Can MPCs Be Used to Promote Muscle Regeneration?
The study uses a specific derivative of Human Pluripotent stem cells (hiPSC) called myogenic progenitor cells (MPC). This study aimed to prove the usability of MPCs to promote muscle regeneration when engrafted in lab mice. The hope is that this study will be used as a “proof of principle” for future cell therapies using pluripotent stem cells and their derivatives. For these therapies to work, the MPCs must differentiate into what is known as a satellite cell. These satellite cells must then remain dormant until muscle degeneration is detected, and, in that case, they would repair the damaged myofibers. A portion of these satellite cells stays behind post-injury to maintain and self-renew the cell pool allowing future regeneration of damaged tissue. This self-renewal property is part of what makes cell therapy so promising.
The first process outlined in the study was the process of cell engraftment. A specific version of stem cells called PAX7::GFP (Green Fluorescent Protein) hESC was created using CRISPR-Cas9-mediated knock-in. A myogenic specification protocol then turned these stem cells into PAX7::GFP-expressing MPCs. These cells were expanded in vitro for seven days with around a 30 percent MPC retention rate, while a portion of the others differentiated into other cells.
Two transplantation strategies were tested to engraft the cells, one without FACS (fluorescence-activated cell sorting) and one with FACS. Immunodeficient mice had their tibialis anterior muscles depleted of host satellite cells for the engrafting experiment. Muscle fibers were then also damaged using 1.2% BaCl2. Muscle fibers formed by donated cells were labeled with human-specific antibody dystrophin, and the secreted extracellular matrix was labeled with laminin. The PAX7::GFP MPCs that saw the most regeneration were the ones that had been sorted using FACS. The MPCs that did not utilize FASC sorting did not see significant regeneration compared to the control group.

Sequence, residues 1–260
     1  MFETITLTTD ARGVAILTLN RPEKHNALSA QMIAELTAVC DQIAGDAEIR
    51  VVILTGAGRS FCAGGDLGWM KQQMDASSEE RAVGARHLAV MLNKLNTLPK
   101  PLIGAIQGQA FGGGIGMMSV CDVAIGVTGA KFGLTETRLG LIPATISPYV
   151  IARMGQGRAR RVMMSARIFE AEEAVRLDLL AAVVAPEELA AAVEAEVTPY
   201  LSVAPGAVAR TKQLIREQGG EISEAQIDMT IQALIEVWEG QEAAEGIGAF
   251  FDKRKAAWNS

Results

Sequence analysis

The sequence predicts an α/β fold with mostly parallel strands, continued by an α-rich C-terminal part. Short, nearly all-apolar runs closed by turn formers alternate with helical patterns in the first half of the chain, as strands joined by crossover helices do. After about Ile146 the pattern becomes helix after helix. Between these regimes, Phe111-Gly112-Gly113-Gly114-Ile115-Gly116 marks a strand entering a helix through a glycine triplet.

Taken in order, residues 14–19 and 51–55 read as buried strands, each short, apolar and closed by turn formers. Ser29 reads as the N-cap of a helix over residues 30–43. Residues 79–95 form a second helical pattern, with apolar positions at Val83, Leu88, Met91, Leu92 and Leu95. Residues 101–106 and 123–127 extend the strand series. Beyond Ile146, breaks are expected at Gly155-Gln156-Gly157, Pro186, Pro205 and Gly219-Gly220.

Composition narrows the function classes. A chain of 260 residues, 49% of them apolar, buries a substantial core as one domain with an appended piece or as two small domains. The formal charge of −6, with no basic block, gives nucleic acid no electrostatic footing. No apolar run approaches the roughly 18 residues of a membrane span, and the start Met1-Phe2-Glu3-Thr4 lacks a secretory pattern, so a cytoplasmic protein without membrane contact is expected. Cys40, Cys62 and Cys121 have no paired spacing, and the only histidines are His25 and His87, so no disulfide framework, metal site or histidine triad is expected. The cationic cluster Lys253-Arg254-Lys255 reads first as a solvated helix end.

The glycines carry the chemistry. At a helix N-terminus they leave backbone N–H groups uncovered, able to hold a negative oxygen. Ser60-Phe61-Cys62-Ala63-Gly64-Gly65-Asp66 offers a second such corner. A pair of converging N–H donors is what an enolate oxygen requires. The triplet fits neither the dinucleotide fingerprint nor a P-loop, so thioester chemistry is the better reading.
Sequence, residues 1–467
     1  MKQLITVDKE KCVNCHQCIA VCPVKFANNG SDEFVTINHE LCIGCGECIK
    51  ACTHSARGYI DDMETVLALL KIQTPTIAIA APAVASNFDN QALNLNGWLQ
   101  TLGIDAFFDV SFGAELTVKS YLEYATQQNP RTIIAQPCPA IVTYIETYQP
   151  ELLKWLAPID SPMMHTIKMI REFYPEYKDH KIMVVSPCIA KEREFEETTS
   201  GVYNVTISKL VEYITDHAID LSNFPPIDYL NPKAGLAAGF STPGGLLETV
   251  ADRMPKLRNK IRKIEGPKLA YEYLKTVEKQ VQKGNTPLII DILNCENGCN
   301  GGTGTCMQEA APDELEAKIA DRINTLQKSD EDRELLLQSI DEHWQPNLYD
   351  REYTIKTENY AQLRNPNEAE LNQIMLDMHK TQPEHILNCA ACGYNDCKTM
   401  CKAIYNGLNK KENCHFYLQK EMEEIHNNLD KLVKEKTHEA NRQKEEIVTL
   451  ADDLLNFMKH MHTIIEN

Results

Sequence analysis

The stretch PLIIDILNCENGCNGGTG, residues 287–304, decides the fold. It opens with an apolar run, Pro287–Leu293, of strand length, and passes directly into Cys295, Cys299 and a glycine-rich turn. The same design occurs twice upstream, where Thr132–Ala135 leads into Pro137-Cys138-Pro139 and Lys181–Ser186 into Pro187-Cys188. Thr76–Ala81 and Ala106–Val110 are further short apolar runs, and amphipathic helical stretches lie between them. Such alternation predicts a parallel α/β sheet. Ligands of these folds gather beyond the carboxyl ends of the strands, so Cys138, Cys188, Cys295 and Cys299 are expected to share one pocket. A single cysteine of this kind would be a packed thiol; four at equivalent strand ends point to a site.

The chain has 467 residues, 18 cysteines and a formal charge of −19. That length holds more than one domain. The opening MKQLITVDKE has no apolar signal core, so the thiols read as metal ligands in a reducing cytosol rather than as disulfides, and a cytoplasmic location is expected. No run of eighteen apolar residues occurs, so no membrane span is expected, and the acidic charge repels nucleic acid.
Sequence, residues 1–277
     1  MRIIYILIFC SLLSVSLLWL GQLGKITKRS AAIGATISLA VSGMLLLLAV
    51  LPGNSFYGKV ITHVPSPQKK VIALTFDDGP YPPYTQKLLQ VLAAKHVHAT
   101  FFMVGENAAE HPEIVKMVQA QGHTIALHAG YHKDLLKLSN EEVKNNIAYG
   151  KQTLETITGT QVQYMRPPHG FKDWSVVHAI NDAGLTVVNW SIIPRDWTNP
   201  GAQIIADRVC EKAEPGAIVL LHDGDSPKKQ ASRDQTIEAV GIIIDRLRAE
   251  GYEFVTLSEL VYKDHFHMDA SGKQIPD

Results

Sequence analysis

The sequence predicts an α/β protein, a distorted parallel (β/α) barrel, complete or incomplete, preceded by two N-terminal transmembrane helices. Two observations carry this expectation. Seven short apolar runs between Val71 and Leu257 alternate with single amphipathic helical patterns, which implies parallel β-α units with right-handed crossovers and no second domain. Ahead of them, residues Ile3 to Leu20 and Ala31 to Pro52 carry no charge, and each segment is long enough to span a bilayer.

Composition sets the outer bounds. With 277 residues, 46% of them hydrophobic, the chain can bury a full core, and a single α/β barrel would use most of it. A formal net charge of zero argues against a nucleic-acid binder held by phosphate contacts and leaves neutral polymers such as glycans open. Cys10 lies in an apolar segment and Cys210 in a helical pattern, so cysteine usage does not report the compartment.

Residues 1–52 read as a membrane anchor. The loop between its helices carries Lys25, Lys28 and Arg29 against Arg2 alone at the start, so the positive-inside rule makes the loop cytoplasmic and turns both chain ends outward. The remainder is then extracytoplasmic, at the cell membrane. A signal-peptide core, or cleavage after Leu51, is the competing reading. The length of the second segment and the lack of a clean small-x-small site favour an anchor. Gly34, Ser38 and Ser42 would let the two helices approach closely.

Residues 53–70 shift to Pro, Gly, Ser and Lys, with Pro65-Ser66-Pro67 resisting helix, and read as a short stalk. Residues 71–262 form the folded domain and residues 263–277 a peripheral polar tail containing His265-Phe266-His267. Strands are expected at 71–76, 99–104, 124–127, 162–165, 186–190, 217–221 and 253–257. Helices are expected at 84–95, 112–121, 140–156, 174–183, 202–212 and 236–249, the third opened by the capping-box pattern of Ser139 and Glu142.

After successful transplantation, researchers then needed to determine if these MPCs could occupy the satellite cell space and regenerate myofibers. Antibody markers were used to determine if regenerated myofibers or satellite cells were, in fact, from the MPCs. Human-specific antibodies were used for marking so recovered cells could then be tested using a PCR for their human-specific markers to prove they were not of mouse origin. Images of these cells were also made using Visikol Histo and Visikol Clearwells to get a clearer picture of the tagged cells and where they were located. This study was a success; engrafted hPSC-MPCs were able to occupy the satellite cell space and regenerate myofibers when damaged. These cells were examined using RNA sequencing to determine if they could reach a quiescent state. The engrafted cells often had smaller RNA sequences than their in vitro counterparts suggesting they are in a quiescent state. If you are interested in Visikol Histo products for your lab or research projects, please reach out to the Visikol team.